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Title: When does NICE recommend the use of health technologies within a programme of evidence development?
Authors: Longworth, L
Youn, J
Bojke, L
Palmer, S
Griffin, S
Spackman, E
Claxton, K
Keywords: NICE;Health guidance;Health technologies;Health research
Issue Date: 2013
Publisher: Springer
Citation: PharmacoEconomics, 31(2), 137-149, 2013
Abstract: Background: There is growing interest internationally in linking reimbursement decisions with recommendations for further research. In the UK, the National Institute for Health and Clinical Excellence (NICE) can issue guidance to approve the routine use of a health intervention, reject routine use or recommend use within a research programme. These latter recommendations have restricted use to ‘only in research’ (OIR) or have recommended further research alongside routine use (‘approval with research’ or AWR). However, it is not currently clear when such recommendations are likely to be made. Objectives: This study aims to identify NICE technology appraisals where OIR or AWR recommendations were made and to examine the key considerations that led to those decisions. Methods: Draft and final guidance including OIR/AWR recommendations were identified. The documents were reviewed to establish the characteristics of the technology appraisal, the cost effectiveness of the technologies, the key considerations that led to the recommendations and the types of research required. Results: In total, 29 final and 31 draft guidance documents included OIR/AWR recommendations up to January 2010. Overall, 86 % of final guidance included OIR recommendations. Of these, the majority were for technologies considered to be cost ineffective (83 %) and the majority of final guidance (66 %) specified the need for further evidence on relative effectiveness. The use of OIR/AWR recommendations is decreasing over time and they have rarely been used in appraisals conducted through the single technology appraisal process. Conclusion: NICE has used its ability to recommend technologies within research programmes, although predominantly within the multiple technology appraisal process. OIR recommendations have been most frequently issued for technologies considered cost ineffective and the most frequently cited consideration is uncertainty related to relative effectiveness. Key considerations cited for most AWR recommendations and some OIR recommendations included a need for further evidence on long-term outcomes and adverse effects of treatment.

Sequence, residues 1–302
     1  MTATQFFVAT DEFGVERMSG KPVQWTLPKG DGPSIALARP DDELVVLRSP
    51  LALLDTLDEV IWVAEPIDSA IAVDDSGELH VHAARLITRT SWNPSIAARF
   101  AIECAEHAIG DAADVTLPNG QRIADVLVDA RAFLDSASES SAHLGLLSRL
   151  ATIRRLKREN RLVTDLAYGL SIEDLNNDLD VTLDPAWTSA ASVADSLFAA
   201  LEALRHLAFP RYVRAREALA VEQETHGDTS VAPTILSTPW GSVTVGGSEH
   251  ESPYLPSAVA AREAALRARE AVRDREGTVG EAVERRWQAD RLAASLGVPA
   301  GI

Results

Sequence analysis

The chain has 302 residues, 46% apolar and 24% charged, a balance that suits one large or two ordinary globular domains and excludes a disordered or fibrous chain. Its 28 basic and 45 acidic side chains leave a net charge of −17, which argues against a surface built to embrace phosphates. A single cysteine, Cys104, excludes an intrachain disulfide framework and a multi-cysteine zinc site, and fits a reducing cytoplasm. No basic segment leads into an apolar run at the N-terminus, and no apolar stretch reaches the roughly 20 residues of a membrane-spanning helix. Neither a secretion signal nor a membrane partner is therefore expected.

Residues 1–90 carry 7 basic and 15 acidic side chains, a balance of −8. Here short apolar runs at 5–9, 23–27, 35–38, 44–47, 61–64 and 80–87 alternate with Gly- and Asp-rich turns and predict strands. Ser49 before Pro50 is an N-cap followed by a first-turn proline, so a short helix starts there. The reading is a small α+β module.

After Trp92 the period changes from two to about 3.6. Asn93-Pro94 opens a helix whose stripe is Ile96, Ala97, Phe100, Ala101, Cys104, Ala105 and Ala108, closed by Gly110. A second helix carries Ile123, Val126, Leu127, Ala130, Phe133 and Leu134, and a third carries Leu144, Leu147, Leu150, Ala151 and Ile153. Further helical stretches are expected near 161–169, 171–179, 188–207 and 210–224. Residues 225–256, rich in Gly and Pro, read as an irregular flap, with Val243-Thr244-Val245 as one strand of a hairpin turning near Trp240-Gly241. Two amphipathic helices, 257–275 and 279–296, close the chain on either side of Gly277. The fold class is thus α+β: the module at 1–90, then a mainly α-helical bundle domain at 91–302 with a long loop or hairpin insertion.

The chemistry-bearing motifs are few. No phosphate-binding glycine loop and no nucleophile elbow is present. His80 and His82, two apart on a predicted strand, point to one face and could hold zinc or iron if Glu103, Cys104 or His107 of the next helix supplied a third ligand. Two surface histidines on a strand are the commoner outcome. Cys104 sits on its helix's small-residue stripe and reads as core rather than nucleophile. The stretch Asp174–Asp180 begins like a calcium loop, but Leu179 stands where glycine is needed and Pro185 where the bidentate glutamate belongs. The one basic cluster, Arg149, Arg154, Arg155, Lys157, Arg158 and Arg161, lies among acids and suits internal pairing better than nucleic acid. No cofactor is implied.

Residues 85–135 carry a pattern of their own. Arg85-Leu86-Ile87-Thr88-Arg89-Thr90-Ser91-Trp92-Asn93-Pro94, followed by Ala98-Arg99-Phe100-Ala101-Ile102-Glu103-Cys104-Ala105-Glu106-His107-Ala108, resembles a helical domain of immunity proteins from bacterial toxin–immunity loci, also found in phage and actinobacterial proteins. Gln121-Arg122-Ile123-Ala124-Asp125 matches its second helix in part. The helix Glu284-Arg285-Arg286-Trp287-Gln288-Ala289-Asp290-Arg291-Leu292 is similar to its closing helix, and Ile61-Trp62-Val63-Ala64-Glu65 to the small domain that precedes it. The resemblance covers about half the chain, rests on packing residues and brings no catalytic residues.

Description: This article is made available through the Brunel Open Access Publishing Fund. This article is distributed under the terms of the Creative Commons Attribution Noncommercial License which permits any noncommercial use, distribution, and reproduction in any medium, provided the original author(s) and the source are credited.
This article has been made available through the Brunel Open Access Publishing Fund.
ISSN: 1170-7690
Appears in Collections:Publications
Community Health and Public Health
Brunel OA Publishing Fund
Health Economics Research Group (HERG)

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